Intensifying fears of a lowering birth-rate is the incidence of more than half Japanese women who are childless at 30.
There is a decline in the Japanese population and policy makers are worried about this problem. The baby shortage, as it is called, is now an urgent problem for policy makers, who fear a smaller workforce supporting a growing number of elderly will hurt the world's number two economy.
Figures released by the Health Ministry reveal that 50.3 percent of women born between 1971 and 1974 had had no children by the time they reached 30. This generation is called as the second baby boomer generation.
According to a Health Ministry official quoted by the Kyodo news agency, "That many women in the second baby boomer generation have few children could mean the birthrate will fall at a faster rate and the population will further decline."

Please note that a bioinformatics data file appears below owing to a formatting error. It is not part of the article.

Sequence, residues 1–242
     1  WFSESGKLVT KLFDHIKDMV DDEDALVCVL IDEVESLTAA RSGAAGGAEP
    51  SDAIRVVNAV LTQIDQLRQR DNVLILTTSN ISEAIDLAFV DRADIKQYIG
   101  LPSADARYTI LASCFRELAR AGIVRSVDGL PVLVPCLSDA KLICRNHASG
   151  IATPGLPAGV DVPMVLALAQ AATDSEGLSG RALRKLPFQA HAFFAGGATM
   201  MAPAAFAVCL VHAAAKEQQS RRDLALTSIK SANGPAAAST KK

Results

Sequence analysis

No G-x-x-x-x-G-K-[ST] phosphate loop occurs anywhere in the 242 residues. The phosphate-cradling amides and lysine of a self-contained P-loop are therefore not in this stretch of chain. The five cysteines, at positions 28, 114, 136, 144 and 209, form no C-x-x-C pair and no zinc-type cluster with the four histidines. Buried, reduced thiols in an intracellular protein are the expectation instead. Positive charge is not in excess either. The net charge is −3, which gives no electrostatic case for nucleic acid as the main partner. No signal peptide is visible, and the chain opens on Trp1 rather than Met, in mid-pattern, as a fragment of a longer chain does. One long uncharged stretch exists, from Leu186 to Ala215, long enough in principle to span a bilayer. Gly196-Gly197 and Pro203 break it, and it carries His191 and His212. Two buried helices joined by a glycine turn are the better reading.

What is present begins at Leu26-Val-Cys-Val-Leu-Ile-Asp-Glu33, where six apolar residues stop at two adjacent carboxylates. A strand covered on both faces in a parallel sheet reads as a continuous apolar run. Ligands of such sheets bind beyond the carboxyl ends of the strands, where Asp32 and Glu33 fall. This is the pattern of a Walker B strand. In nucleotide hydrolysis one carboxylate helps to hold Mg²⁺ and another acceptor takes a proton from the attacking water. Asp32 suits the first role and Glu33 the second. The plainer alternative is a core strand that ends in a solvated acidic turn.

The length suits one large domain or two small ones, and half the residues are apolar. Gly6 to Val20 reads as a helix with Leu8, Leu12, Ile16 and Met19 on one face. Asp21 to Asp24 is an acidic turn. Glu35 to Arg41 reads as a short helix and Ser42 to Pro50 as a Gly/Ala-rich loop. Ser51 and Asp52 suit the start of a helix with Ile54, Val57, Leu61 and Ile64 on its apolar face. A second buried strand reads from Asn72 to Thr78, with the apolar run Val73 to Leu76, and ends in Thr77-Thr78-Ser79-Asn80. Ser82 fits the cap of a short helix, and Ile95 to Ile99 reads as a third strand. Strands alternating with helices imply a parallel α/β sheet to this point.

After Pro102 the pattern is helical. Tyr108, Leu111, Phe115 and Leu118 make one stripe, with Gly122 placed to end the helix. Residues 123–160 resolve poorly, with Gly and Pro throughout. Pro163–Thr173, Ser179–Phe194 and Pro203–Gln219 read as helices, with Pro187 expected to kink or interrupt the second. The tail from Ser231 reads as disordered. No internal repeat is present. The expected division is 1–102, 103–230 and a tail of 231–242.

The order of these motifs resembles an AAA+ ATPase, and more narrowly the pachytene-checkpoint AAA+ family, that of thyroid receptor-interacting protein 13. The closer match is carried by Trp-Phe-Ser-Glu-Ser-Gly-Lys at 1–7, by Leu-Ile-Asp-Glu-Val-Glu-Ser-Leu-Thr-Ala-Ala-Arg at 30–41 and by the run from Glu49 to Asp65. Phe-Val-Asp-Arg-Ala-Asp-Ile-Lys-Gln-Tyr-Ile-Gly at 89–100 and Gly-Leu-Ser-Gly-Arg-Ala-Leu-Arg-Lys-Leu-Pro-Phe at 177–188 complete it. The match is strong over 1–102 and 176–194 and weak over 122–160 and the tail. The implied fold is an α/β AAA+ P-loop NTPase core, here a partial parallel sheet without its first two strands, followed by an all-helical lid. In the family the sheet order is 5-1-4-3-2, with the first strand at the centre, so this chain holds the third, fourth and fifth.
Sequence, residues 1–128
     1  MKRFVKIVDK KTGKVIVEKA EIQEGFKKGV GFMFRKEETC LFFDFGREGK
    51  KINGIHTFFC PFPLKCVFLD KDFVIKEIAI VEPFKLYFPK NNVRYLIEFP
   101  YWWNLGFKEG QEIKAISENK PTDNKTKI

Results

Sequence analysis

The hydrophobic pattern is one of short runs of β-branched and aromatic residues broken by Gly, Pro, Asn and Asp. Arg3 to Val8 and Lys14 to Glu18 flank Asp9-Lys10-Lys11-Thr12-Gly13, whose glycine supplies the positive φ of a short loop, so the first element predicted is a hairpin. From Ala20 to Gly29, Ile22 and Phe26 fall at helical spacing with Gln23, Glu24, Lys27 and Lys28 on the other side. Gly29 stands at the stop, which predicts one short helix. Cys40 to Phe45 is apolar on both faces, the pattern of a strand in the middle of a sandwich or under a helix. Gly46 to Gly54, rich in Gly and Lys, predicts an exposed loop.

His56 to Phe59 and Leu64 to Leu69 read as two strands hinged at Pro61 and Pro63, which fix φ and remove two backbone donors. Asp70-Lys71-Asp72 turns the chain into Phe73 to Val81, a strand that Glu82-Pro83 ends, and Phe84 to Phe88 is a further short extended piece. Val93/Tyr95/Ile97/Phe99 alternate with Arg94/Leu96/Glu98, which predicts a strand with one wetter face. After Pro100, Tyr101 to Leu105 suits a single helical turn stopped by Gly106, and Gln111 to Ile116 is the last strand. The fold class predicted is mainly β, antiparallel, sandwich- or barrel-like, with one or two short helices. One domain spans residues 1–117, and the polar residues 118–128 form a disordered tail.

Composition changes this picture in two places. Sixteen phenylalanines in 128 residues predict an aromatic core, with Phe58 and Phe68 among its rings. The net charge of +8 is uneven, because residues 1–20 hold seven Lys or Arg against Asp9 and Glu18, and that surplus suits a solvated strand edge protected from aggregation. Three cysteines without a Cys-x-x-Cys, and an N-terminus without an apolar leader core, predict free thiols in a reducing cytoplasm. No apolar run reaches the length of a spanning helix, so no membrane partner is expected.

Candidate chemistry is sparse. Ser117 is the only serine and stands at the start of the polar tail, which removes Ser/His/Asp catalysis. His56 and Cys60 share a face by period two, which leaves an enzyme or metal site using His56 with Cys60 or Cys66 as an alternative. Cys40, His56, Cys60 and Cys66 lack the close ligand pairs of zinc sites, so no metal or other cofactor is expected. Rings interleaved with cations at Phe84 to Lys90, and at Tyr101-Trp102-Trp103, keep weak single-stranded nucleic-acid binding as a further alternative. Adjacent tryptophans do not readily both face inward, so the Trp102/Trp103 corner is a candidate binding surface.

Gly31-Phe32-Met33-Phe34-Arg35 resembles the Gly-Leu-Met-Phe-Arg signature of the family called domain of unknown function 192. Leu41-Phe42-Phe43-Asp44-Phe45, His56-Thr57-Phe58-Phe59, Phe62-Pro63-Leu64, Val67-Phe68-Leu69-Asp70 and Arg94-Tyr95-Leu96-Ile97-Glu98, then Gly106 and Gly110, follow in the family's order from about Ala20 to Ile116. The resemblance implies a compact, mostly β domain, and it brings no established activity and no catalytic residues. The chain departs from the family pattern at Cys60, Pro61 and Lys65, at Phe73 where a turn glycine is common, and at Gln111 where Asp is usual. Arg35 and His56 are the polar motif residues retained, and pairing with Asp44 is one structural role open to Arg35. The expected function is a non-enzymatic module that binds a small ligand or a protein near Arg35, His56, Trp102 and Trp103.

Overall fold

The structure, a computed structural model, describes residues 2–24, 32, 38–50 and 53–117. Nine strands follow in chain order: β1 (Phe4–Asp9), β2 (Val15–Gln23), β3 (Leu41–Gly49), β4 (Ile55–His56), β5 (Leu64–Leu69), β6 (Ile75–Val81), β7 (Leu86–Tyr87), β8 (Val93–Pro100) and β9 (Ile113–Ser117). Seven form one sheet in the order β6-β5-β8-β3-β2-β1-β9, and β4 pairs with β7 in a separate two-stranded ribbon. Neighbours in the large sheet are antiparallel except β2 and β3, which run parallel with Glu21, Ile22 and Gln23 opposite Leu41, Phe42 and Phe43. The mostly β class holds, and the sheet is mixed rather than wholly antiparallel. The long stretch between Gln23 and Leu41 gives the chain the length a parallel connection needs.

Japan's fertility rate fell to a post-war low of 1.2888 in 2004 from 1.2905 in 2003. Demographers say a rate of 2.1 is needed to keep a population from declining.
Officials have said the next five years, while are crucial for efforts to halt Japan's population decline. Due to the Second World War and mass destruction Japan's population shrank.